In compiling statistics on national wealth in the USSR, methods of direct calculation are used that rely on data drawn from the monitoring of inventory levels and from an analysis of accounting and statistical reporting. The national wealth of the Soviet Union includes the following physical assets: fixed and working productive funds, which in turn consists of the means of labor (machinery, production facilities) and of items subject to labor (raw materials, processed materials, fuel); nonproductive social funds, which include housing and other cultural and domestic resources that belong to state, cooperative, and public organizations; personal property, that is, consumer goods belonging to the population; commodity stocks that belong to production enterprises and nonproduction organizations; state reserves, including insurance funds, gold reserves, and defense stockpiles; and natural resources that have been drawn into the production process such as agricultural land, forests, mineral deposits, and hydroelectric resources. The components of national wealth and their relative proportions do not remain unchanged. Particularly large shifts in the composition of national wealth are taking place during the period of the scientific and technical revolution: productive funds are being expanded and updated rapidly; scientific, educational, medical, and other related establishments are holding an ever larger share of nonproductive funds; and the rates of natural resource extraction and economic turnover are steadily accelerating.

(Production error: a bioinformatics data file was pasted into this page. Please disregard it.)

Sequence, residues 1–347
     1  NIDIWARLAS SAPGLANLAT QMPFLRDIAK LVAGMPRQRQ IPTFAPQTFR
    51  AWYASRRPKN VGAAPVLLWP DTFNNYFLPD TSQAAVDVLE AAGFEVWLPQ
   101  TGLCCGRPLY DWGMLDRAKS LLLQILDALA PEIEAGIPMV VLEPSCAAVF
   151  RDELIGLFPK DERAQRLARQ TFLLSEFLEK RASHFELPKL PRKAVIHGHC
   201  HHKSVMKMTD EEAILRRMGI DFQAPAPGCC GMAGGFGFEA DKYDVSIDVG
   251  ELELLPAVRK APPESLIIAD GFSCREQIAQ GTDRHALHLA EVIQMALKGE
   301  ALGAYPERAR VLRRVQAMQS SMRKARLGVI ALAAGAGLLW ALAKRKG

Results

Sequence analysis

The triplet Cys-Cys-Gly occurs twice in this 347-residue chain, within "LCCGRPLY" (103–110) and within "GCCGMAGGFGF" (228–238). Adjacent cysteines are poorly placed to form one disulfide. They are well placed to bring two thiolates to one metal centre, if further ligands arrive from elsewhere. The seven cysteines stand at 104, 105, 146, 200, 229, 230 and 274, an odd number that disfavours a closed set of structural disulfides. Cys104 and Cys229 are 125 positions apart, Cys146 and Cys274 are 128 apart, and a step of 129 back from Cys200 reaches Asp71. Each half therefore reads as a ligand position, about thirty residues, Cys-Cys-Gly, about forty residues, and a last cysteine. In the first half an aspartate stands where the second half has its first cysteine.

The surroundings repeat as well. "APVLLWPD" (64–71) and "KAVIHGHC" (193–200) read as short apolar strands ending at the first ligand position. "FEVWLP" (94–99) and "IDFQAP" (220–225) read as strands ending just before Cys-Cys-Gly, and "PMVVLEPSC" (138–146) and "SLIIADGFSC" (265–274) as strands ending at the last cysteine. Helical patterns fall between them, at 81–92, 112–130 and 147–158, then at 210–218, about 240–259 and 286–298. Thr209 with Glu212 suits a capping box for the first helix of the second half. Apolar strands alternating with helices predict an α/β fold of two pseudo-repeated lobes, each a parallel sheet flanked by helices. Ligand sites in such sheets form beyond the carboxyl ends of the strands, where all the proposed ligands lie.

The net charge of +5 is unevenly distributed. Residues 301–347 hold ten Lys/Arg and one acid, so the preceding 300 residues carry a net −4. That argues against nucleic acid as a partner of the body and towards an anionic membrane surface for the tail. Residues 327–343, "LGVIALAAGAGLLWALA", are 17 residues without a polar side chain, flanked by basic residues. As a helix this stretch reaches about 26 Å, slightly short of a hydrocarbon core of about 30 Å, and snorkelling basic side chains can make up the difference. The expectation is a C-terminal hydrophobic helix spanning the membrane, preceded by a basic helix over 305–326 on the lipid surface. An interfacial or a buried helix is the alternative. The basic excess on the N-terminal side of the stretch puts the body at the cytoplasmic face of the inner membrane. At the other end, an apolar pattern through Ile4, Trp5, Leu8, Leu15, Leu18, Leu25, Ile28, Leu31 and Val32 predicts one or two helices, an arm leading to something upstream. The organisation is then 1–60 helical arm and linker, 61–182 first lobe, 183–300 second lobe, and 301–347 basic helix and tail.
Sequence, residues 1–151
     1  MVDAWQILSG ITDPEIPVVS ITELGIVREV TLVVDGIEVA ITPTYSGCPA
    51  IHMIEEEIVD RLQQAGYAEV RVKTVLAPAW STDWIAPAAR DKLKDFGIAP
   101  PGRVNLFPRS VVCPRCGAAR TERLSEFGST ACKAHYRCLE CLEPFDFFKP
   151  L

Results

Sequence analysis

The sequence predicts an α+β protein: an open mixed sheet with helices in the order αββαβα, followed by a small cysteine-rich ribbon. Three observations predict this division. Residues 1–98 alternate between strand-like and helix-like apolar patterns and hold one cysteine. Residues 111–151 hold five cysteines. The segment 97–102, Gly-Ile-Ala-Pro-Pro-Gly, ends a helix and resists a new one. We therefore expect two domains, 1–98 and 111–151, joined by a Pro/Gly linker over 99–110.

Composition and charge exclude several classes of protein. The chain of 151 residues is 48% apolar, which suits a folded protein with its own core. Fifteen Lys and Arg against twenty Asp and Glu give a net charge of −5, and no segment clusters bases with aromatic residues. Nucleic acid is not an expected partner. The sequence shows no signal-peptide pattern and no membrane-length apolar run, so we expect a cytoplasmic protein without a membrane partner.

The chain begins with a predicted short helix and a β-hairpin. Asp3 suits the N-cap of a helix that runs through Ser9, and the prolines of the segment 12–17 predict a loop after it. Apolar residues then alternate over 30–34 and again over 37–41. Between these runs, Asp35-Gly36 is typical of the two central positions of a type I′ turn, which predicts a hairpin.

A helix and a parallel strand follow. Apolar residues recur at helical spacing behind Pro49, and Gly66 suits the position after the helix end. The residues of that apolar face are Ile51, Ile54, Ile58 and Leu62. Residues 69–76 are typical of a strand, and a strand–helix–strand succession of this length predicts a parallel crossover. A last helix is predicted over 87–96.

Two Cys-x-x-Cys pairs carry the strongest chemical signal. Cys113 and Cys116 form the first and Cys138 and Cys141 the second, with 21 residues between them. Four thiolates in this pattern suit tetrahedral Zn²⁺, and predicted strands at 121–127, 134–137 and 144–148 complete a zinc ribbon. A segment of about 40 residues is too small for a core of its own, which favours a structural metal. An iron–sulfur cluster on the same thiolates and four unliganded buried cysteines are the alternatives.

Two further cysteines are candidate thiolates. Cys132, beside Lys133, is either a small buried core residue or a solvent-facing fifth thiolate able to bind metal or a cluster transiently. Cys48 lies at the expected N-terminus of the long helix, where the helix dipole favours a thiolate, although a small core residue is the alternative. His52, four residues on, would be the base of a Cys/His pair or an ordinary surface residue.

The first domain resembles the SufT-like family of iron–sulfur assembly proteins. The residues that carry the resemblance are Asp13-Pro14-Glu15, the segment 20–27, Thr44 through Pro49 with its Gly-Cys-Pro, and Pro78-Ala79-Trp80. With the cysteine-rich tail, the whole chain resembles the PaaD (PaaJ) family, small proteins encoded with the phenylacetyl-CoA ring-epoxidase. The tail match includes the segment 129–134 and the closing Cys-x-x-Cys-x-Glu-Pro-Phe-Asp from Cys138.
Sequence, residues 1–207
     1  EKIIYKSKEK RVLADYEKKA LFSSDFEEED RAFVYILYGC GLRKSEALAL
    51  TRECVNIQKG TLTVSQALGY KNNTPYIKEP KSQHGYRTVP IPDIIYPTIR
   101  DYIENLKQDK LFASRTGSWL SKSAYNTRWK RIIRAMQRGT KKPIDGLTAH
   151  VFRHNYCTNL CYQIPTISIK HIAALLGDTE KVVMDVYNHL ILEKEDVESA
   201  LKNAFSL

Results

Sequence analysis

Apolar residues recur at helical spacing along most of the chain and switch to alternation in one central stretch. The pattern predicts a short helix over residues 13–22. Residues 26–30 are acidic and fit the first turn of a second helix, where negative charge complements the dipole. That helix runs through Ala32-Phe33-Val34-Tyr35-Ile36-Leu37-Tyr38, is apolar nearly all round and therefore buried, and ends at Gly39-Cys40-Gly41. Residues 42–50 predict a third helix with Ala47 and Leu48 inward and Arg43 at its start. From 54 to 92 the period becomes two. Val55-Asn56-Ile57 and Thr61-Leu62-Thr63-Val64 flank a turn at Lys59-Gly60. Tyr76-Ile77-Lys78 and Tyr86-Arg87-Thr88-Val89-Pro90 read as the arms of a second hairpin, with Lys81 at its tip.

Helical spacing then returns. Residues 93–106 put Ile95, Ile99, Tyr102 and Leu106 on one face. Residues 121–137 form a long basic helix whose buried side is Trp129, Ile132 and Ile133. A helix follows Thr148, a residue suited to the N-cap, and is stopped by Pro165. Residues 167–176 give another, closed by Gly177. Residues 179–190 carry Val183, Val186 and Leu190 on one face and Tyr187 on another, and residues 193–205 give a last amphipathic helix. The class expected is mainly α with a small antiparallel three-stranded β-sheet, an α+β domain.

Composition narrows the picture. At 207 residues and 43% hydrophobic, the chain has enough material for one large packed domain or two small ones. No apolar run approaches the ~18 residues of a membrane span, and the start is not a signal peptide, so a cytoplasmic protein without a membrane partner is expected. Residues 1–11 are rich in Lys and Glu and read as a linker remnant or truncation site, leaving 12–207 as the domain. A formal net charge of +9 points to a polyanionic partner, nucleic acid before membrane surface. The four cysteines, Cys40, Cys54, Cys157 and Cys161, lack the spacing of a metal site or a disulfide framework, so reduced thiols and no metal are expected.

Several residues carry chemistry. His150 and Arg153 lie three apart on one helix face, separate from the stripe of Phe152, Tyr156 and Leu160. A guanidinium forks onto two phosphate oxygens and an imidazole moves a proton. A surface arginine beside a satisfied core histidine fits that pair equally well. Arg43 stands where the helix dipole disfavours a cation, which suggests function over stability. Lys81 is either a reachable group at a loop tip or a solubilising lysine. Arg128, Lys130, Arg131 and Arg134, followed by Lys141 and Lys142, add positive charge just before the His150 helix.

According to figures from the Central Statistical Board of the USSR, the national wealth of the Soviet Union (not counting land and forests) at the end of 1973 equaled 1.7 trillion rubles. Of this sum, 680 billion rubles was fixed productive funds, 313 was working funds and reserves, 410 billion was fixed nonproductive funds, and about 300 billion rubles was the personal property of the population. The national wealth of the USSR is 20 times larger than the national wealth of prerevolutionary Russia and has a fundamentally different social structure. In 1914 the working population possessed 24.3 percent of the national wealth (19.2 percent going to the rural population and 5.1 percent to the urban population), while the private capitalist sector owned 55.3 percent of Russia’s national wealth. In the Soviet Union, all national wealth belongs to the working people and is calculated according to the three forms of social ownership present in the national economy: state property, cooperative and kolkhoz property, and personal property. The growth rate of national wealth in the USSR is approximately 2.5 times greater than that of the United States.

Under socialism, national wealth is the aggregate of public, group, and personal funds. To a large extent, its growth reflects increased efficiency in public production, particularly the achievement of optimal combinations between such economic indexes as the accumulation, or savings, norm in national income and the basic funds return. The steady accumulation of public wealth makes it possible in each new stage of development to accomplish greater, more far-reaching tasks.

REFERENCES

Vainshtein, A. L. Narodnoe bogatstvo i narodnokhoziaistvennoe nakoplenie predrevoliutsionnoi Rossii. Moscow, 1960.
Kirichenko, V. N. Natsional’noe bogatstvo SSSR. Moscow, 1964.
Goldsmith, R. W. Natsional’noe bogatstvo SShA ν poslevoennyi period. Moscow, 1968. (Translated from English.)

L. S. GLIAZER